The Louisville/Portland area was home to many whiskey distilleries in the years before Prohibition. The access to river transport, fertile land, and being located at a growing national trading hub made such businesses profitable. With the advent of Prohibition, many of these distilleries were unable to survive and closed their doors for good.
One such distillery was the Rugby Distillery which was located at Missouri Ave and 36th Street in Portland. The exact date of it's establishment is unknown, but we do know it was in operation in 1864 when it was bought and changed to the H.A. Theirman Co., even though was still ran under the Rugby Distillery name.
Public records show that the distillery had four warehouses that were kept at around 80 degrees. The property also included a cattle barn. The distillery distributed products under several names such as SD Holland, Joel B Frazier, and Flower of Kentucky.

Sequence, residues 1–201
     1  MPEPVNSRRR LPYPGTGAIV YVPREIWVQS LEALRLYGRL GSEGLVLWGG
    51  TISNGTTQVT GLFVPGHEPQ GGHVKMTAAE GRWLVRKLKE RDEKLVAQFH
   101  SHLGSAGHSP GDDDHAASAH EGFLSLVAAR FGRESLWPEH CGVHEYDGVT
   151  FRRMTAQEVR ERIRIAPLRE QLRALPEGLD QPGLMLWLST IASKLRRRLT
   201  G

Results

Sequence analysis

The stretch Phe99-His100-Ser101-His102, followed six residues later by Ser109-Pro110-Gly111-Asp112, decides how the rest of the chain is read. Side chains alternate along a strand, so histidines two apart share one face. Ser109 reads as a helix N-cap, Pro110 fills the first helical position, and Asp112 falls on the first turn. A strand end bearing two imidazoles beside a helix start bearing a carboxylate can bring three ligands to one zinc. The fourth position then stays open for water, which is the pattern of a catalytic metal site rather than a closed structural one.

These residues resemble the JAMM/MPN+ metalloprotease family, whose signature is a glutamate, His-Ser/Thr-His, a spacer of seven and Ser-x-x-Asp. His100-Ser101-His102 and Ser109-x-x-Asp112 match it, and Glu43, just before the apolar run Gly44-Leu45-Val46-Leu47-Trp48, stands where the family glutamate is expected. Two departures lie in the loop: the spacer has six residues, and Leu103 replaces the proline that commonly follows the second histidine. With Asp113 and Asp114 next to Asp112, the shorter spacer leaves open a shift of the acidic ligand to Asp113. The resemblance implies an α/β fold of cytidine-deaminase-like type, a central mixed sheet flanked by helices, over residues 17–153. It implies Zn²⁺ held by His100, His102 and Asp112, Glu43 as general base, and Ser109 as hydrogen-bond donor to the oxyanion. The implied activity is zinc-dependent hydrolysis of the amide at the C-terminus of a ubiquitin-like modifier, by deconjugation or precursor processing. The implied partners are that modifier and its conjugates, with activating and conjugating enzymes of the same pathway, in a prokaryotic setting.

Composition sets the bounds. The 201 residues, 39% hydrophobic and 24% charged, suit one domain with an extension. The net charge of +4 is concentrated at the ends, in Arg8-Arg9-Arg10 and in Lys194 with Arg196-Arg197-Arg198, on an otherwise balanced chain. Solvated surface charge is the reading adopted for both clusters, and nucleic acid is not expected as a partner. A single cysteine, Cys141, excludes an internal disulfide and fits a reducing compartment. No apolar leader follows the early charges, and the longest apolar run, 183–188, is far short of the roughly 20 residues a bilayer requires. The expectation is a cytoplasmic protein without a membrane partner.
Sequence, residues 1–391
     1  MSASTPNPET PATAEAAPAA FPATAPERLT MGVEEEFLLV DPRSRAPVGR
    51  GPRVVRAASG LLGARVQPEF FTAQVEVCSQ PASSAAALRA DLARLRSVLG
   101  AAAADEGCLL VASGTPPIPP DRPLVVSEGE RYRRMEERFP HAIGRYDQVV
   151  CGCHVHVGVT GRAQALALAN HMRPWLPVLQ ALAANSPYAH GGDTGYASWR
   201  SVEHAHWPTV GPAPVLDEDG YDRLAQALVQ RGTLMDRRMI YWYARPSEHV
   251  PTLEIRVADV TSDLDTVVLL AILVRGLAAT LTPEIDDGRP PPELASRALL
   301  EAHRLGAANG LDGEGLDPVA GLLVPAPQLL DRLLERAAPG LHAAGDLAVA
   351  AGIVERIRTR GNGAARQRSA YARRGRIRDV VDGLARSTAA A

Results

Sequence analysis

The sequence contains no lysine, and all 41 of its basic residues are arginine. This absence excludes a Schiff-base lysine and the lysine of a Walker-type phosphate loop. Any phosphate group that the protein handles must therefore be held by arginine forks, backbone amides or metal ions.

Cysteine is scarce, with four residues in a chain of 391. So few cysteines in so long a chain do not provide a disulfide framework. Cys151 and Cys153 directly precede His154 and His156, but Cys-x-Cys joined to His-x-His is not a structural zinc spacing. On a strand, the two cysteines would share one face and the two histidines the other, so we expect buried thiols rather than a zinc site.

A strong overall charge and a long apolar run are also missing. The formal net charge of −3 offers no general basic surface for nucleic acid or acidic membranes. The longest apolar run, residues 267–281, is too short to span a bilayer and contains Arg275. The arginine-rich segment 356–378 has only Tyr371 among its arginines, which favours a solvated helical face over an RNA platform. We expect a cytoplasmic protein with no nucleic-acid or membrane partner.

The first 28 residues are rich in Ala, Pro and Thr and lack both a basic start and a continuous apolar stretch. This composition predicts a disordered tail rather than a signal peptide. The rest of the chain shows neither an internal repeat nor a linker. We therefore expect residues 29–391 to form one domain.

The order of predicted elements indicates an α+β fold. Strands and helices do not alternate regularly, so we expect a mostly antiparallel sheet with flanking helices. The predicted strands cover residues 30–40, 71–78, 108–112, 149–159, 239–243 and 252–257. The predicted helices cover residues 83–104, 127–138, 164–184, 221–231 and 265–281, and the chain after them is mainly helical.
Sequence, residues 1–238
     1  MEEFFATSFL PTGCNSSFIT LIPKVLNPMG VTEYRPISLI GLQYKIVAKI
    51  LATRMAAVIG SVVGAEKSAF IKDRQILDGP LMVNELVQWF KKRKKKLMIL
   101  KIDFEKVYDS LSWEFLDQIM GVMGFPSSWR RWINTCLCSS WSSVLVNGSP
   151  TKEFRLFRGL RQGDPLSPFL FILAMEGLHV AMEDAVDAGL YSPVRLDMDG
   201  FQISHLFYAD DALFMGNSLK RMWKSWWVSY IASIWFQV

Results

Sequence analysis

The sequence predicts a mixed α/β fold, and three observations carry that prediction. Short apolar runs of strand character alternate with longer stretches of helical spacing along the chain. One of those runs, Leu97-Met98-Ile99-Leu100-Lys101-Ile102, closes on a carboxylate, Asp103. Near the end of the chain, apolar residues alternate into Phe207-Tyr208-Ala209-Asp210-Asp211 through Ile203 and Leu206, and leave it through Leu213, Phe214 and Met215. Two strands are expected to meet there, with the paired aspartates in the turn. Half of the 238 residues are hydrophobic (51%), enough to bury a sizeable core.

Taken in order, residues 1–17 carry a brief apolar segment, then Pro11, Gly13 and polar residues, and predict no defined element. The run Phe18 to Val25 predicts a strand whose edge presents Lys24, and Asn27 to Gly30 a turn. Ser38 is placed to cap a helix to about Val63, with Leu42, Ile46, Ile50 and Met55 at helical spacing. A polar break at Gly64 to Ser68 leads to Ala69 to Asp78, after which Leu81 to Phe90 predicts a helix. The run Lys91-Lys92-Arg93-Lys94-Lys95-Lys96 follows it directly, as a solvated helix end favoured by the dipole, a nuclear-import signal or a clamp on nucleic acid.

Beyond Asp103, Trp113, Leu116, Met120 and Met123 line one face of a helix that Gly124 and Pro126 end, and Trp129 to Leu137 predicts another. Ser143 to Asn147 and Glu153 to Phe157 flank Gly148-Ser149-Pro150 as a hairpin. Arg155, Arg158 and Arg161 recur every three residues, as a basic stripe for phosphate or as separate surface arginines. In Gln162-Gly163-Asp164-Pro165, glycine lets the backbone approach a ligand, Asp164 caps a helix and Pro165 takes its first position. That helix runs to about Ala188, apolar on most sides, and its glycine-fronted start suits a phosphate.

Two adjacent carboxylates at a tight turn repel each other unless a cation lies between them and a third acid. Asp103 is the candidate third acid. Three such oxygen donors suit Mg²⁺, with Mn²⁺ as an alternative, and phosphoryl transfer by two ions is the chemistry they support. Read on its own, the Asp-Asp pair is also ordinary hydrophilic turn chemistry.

Following a flood in 1913 the distillery suffered extensive damage to its warehouses. This combined with the passing of Prohibition caused the distillery to shut down in 1920. While some companies such as Jim Beam were able to survive the period and resume operation after Prohibition ended in 1933, Rugby became of many distilleries lost to the collective memory.